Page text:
Why the poor are poorer in poor countries
As a student, I used to hitchhike from the Netherlands to Mediterranean countries like Greece and Turkey during the summer holidays. Each time, I was surprised to see the highways in that direction overcrowded with cars, vans and trucks filled up with all kinds of household assets and equipment, including big items like refrigerators and washing machines.
It was in the 1970s, the glory days of the so-called ‘guest workers’, who were brought over from the rural areas of countries like Turkey and Morocco to keep the North-Western European manufacturing industry running. In the summer holiday, many of them went back to their families by car bringing those items to their villages.
At that time, I did not much think about what I was seeing. However, recently I started wondering why these families did not simply take their money to Turkey or Morocco to buy these goods there. I then realized that at that time there was no second hand market for these goods in those countries. Or in any case no second hand market that could compete with the ones in Western Europe.
This realization was surprising, as what I observed was clearly an economic phenomenon, people buying goods and transporting them over a long distance. However, this phenomenon is hardly mentioned in contemporary economic literature and completely lacking from welfare and poverty measurement debates.
This is regrettable, as second hand markets are of great importance for the material living standard of the poor. Adam Smith already noticed that durable goods bought by the rich are, over time, taken over by the poorer segments of society, and in this way contribute to the affluence of a nation1. The durables mentioned by Smith were houses, furniture and clothes. These are currently still important but have been supplemented with many other items that make life easier or more comfortable like TVs, refrigerators, washing machines, (motor)bikes, and cars.
These durables typically keep their use value (do what they were made for) over a longer period. However, their value as a status good quickly declines, which means that in countries with mature second hand markets their prices go down rapidly. After five years they cost less than half of the new price and after ten years hardly anything. Households lacking the money to buy these items new, thus have the opportunity to buy them second hand and enjoy their services at much lower costs. The fact that in countries like the USA or Britain three times more second hand cars are being sold than new cars, makes it clear that second hand markets are a non-negligible economic phenomenon.
For second hand markets to effectively function, there must be a regular supply of ‘new’ second hand goods. That supply depends to a large extend on the purchase of new, first hand durables by households who can afford this. In rich countries, there are enough wealthy households that are able and willing to buy new durables to guarantee a regular supply to the second hand market. In poor countries, there are much less of such households.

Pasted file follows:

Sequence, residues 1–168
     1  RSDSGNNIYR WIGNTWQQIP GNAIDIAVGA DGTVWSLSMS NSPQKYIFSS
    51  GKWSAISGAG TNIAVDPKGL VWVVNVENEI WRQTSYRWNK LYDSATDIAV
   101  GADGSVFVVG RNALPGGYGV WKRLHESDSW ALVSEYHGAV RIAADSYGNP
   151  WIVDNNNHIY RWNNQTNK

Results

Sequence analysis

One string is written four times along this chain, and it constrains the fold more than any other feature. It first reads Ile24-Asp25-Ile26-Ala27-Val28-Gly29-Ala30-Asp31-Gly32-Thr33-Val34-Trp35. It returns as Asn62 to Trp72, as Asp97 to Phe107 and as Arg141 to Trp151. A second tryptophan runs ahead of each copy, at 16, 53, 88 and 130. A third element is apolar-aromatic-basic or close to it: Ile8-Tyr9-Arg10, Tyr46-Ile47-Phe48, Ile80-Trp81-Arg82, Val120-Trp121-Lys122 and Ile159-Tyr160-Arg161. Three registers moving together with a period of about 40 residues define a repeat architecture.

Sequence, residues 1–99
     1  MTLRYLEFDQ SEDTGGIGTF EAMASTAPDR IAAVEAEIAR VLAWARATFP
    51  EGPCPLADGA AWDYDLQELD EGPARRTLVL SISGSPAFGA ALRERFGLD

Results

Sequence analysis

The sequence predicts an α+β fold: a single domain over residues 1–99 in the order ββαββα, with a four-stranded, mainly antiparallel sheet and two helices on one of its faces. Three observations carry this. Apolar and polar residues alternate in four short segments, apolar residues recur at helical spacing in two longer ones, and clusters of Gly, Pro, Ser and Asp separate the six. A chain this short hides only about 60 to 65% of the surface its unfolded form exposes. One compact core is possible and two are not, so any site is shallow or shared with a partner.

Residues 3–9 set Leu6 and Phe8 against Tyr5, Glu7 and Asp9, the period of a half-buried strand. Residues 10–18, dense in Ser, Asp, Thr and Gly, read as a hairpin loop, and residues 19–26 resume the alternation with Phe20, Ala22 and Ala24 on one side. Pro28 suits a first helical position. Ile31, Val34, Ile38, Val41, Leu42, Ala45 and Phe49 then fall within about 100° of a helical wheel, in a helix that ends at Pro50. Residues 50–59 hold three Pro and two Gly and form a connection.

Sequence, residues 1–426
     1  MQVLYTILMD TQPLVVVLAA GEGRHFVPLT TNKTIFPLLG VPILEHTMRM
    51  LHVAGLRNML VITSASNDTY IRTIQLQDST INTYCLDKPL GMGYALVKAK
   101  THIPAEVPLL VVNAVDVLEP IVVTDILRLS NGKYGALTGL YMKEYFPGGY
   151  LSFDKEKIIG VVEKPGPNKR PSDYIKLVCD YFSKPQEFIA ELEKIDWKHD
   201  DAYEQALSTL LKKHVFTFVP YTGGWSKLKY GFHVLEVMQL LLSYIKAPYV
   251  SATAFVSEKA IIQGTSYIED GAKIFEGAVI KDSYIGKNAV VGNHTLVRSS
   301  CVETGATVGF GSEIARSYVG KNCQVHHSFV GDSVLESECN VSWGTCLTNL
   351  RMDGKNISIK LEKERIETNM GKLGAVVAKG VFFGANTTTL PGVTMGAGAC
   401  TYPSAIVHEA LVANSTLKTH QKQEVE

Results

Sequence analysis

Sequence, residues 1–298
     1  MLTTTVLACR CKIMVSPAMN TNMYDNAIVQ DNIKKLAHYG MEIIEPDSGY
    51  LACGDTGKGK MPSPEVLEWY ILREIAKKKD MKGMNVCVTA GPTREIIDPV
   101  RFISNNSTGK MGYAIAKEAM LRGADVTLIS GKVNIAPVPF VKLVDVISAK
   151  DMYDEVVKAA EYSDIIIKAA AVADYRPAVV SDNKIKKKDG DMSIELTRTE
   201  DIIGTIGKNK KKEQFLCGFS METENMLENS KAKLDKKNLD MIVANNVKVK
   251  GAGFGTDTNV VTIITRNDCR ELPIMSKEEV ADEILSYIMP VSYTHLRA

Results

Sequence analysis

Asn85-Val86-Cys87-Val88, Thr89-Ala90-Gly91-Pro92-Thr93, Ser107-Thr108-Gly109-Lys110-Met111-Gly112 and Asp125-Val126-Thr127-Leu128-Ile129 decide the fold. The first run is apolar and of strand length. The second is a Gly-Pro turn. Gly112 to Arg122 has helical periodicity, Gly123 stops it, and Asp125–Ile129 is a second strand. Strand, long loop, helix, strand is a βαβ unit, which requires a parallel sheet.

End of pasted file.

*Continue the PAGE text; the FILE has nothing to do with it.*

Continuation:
In the poorest countries of our world, like Ethiopia, Tanzania, or Niger less than 25 percent of the households owns a TV and even much less have a refrigerator, washing machine, or car. With so few households owning these items, there is very little supply to the second hand market. This means that households that would have enough money to buy a second hand TV or refrigerator in a wealthy country cannot satisfy their demand for these goods in their local context. These households are thus deprived in comparison to households with exactly the same income in a wealthier country, as they need more money to satisfy their material needs.
This economic problem has consequences if we want to study poverty throughout the world. To compare the wealth of people across the globe, we have to adjust their incomes for differences in cost of living using Purchasing Power Parities (PPPs). PPPs address the fact that people in poor countries are wealthier than the exchange rate of their currency suggests, because manual labor is cheaper in those countries.
However, PPPs do not address the fact that those people are also poorer because they have to pay more for durables than people in wealthier countries. This means that the purchasing power of people in poor countries is rated too high and that the international poverty lines for these countries are drawn at a too low level. That is why the poor in poor countries are poorer than we think.
1 Adam Smith (1776). Wealth of Nations, II.iii.38-39.
Once a month there will be published an article written by one of our teachers economics at the Radboud University. We really appreciate the contribution of the economics department a lot. This month we may thank Jeroen Smits, professor of International Economics, for his article about why the poor are poorer in poor countries.